Since the Civil War, there has never been a time when the Republican Party in Vermont has had so few members in both the House and the Senate. GOP leaders say this current situation has a profound impact on the role of the Republican caucuses at the Statehouse.
There was a time when there were very few Democrats in the Vermont Legislature. In fact, in a majority of sessions between 1860 and 1912, no Democrats were elected to the Vermont Senate. In most of the House sessions during that period, there were fewer than 25 Democrats serving in that chamber.
Cut to 2019, where this session there are 6 GOP senators in the 30-seat chamber and 43 Republican House seats.
Caledonia Sen. Joe Benning, the Republican leader in the Vermont Senate, acknowledged that it's virtually impossible for his caucus to advance a bill that's viewed strictly as a Republican priority.
He said his best hope is try to moderate some of the bills that come to the Senate floor. For example, Benning said Republicans will work to make any paid family leave bill voluntary, not mandatory, for employees and employers.
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"It doesn't really matter what the given issue is, we have differences of opinion of many different things," Benning said. "But the bottom line is, at the end of the day, the other side has all the numbers — they can advance whatever legislation they want — so we will do our best to concentrate on trying to keep the legislation as balanced as possible."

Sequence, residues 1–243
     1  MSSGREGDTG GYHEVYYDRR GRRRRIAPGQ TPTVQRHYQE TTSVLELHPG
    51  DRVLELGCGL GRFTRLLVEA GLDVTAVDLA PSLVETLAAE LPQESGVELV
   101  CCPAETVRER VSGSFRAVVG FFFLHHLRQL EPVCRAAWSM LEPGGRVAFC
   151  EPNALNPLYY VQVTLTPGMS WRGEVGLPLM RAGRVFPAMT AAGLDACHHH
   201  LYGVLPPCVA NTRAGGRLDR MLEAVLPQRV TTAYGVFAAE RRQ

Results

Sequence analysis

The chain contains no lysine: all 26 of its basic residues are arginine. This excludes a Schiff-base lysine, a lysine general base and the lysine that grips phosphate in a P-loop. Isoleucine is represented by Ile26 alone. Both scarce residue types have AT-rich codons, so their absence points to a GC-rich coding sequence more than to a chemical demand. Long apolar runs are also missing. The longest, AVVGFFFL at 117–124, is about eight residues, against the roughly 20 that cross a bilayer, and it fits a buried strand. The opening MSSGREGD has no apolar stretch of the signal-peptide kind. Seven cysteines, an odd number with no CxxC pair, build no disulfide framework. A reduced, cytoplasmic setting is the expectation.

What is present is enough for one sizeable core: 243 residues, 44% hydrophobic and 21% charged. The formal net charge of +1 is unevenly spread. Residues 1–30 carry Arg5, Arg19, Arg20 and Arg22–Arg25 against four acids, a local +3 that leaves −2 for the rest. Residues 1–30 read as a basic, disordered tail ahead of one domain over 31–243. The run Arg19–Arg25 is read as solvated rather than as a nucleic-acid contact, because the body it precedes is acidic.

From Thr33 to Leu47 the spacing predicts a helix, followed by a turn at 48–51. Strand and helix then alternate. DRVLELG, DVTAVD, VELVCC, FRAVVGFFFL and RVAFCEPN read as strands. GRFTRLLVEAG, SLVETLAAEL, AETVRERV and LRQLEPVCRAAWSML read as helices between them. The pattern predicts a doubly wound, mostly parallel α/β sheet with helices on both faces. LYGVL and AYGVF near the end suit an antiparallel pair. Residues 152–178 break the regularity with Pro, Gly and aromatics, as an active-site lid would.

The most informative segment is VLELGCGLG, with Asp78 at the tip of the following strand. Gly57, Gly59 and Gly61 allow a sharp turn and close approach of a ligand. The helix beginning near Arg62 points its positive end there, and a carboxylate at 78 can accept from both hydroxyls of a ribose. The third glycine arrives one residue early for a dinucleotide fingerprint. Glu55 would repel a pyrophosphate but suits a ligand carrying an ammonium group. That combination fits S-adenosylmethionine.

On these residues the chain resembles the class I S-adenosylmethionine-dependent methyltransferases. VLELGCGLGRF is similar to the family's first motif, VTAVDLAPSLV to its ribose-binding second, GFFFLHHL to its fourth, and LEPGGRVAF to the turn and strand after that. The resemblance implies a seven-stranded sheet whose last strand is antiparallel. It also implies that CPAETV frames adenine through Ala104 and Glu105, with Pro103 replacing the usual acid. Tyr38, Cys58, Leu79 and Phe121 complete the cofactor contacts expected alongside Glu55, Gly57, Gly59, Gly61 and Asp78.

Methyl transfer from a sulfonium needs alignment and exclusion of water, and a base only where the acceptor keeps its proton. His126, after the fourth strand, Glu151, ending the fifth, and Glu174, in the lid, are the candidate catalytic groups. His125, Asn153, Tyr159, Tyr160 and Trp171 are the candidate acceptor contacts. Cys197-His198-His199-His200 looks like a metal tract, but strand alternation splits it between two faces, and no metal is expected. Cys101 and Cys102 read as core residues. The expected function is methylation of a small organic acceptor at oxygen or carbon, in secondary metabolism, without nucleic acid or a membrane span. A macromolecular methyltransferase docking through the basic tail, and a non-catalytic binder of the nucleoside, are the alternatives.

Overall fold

Benning isn't overly concerned about the Democrats' supermajority. He said that's because unlike the U.S. Congress, there's usually good communication between Republicans and Democrats in the Vermont Senate.
"Doesn't matter what your viewpoint is or what party you're from, people are listening to each other," Benning said. "They recognize what the problems are and are doing their best to try to come to consensus to reach a point where you can provide a solution. I don't see that going on in Washington."
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Poultney Rep. Pattie McCoy is serving in her first term as House Republican leader, and she said her caucus can have its greatest impact when individual bills are considered in committee — before these issues are debated on the House floor.
"They need to speak up and talk in committee when a bill comes to them — you know, they take it off the wall for discussion," McCoy said. "I think they really need to engage and continue to be engaged. They can't just sit back and watch. I mean, they really need to question."
In the U.S. Congress, the majority party controls the leadership of every committee — but in the Vermont Legislature, that's not the case.
Coventry Rep. Mike Marcotte has been named as the head of the House commerce committee, and in the Senate, Benning was appointed as the chairman of the institutions committee. Several GOP members have also been appointed as the vice chairs of a number of committees in both chambers.